For more than a century, New Jersey’s nation-leading infrastructure provided the foundation for a state that achieved great leaps forward in commerce, industry and transportation.
Infrastructure, however much we wish it would, does not last forever. Roads crack under constant use. Pipes and wires show wear and tear.
Now, for much of New Jersey’s aging infrastructure, it’s time to upgrade.
As longtime business partners with PSE&G, New Jersey’s labor unions know that these kinds of upgrades provide a variety of benefits that include putting thousands of people to work and creating new opportunities for New Jersey businesses, in addition to more reliable utility service.
For the past decade, PSE&G has made the modernization of New Jersey’s energy infrastructure a priority. The state’s largest utility has spent billions of dollars to increase reliability of the electric grid by adding and upgrading transmission lines, and to increase the grid’s resiliency against extreme weather by raising substations and reinforcing its delivery network.
More recently, PSE&G has embarked on an ambitious effort to strengthen its far-reaching natural gas system by replacing old, leaky underground pipes. The first phase of PSE&G’s Gas System Modernization Program was approved in 2015 and called for the utility to replace 510 miles of gas main over three years.
Since then, utility crews have replaced 307 miles of cast-iron and unprotected steel pipes with new, modern plastic. PSE&G has nearly 4,000 miles of cast-iron gas pipes in its system – more than any other U.S. utility. At the current pace, it would take 30 years to replace it all.
Now, PSE&G has asked state regulators to approve a five-year extension of the program, replacing another 1,250 miles – an investment of $2.7 billion in New Jersey’s energy infrastructure.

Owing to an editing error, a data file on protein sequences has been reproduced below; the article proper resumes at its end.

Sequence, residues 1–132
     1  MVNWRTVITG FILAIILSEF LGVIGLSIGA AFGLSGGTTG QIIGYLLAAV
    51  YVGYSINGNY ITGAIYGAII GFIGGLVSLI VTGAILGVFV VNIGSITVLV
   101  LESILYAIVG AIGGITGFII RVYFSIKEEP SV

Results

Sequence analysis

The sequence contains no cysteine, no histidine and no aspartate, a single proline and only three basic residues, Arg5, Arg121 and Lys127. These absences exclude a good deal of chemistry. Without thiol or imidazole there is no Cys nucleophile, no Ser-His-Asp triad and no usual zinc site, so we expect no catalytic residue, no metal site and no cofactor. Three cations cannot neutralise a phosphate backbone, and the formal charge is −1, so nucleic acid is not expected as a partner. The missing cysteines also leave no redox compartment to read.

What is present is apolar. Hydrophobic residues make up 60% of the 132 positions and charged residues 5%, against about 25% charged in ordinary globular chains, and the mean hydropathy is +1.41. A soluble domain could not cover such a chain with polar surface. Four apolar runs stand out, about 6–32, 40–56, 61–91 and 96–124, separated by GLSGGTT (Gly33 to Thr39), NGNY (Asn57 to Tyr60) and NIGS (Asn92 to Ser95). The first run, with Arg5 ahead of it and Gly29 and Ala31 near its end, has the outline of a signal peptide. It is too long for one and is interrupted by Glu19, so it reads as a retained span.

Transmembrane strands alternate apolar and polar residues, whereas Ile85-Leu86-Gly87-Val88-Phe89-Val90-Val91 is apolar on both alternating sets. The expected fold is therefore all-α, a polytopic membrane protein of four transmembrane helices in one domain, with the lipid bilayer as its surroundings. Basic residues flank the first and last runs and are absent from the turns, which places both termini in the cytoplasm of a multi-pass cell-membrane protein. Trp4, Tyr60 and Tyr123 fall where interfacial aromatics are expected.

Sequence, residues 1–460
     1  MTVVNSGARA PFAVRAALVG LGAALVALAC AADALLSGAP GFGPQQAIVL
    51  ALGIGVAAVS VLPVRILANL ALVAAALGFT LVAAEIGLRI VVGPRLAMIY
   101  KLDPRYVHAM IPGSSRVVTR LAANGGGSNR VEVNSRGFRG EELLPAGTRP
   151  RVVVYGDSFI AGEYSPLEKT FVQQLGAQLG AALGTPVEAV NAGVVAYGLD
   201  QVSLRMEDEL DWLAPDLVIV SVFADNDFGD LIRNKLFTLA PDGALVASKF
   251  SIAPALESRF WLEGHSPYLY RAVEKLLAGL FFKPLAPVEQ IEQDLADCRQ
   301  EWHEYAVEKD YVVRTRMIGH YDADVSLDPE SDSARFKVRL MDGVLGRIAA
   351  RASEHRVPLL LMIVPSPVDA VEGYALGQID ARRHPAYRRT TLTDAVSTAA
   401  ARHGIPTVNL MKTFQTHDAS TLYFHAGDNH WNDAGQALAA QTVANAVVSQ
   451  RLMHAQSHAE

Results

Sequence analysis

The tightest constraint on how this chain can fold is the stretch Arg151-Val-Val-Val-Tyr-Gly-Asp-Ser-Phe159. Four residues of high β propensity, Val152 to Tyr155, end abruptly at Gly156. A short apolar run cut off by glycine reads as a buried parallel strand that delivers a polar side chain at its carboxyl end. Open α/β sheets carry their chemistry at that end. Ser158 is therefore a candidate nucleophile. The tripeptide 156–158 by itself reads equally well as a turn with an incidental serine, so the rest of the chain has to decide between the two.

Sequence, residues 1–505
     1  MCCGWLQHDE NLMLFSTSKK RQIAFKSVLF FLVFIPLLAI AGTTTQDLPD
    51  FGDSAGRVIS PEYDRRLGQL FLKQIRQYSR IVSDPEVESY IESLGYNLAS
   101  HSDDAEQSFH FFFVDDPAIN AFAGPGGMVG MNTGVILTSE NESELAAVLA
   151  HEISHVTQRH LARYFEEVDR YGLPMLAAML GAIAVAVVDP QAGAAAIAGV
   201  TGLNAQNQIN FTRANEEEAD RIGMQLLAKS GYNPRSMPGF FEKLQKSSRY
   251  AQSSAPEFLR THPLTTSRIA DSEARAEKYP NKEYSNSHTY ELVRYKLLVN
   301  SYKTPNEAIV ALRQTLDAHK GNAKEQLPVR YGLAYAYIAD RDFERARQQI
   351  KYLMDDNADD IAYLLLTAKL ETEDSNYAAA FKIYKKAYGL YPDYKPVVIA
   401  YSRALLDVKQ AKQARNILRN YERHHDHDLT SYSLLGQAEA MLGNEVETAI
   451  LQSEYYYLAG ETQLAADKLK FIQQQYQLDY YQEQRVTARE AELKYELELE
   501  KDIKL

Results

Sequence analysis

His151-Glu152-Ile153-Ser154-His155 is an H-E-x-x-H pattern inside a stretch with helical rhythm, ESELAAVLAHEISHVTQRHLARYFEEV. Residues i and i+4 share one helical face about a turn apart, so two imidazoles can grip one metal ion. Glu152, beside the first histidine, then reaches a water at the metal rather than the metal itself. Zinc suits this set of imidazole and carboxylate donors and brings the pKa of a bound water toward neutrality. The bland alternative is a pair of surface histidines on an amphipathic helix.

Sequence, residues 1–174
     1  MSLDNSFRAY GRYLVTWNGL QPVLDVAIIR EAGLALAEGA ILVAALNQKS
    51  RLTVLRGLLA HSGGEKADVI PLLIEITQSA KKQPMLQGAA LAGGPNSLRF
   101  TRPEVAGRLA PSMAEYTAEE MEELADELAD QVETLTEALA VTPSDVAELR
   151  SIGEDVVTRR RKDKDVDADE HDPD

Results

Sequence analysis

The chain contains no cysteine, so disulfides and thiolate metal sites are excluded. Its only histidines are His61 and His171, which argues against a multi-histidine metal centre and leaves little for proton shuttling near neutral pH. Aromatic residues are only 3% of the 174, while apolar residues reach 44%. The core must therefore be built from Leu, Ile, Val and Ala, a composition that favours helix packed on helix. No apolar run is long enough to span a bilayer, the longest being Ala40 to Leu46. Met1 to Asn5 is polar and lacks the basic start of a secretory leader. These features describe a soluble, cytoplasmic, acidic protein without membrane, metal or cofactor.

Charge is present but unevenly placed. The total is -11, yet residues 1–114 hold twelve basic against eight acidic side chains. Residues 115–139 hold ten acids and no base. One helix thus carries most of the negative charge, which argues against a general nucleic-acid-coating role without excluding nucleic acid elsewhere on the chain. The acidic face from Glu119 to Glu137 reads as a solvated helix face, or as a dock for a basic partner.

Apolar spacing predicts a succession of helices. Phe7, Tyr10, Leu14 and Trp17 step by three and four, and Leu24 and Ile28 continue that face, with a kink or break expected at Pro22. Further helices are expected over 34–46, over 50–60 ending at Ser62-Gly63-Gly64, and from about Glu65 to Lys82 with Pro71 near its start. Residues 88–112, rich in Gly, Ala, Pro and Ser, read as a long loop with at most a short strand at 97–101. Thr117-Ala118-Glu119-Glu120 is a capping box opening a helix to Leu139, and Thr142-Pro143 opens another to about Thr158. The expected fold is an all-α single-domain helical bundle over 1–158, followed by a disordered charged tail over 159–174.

The economic benefits of this work are clear: $540 million in economic activity and 3,000 jobs created for every year of the program. But large-scale infrastructure projects like this one pay off in many different ways.
By replacing aging gas mains, PSE&G is making its system safer and more reliable. Digging up leaky pipes and replacing them with brand-new plastic reduces methane emissions, which is good for public health and our climate. The proposed five-year extension would reduce greenhouse gas emissions equal to taking 43,000 cars off the road.
A healthy public infrastructure vital to economic competitiveness – and the construction and maintenance of that infrastructure require a skilled, experienced workforce.
PSE&G gas construction jobs are good-paying, middle class union jobs with benefits. For those looking for an alternative to college, PSE&G hires and trains workers right out of high school, offering salaries that start around $40,000.
Programs like PSE&G’s Gas System Modernization Program benefit all of New Jersey, today and long into the future.
As we mark Labor Day 2017, my organization, New Jersey State Pipetrades, is proud to work alongside PSE&G, the BPU and thousands of our union brothers and sisters in partner organizations on this important infrastructure work.
Michael Maloney is Business Manager of Plumbers and Pipefitters Local 9 and President of New Jersey State Pipetrades, which encompasses eight local unions and more than 11,000 members of Plumbers, Pipefitters, Steamfitters, Sprinkler Fitters and HVAC technicians.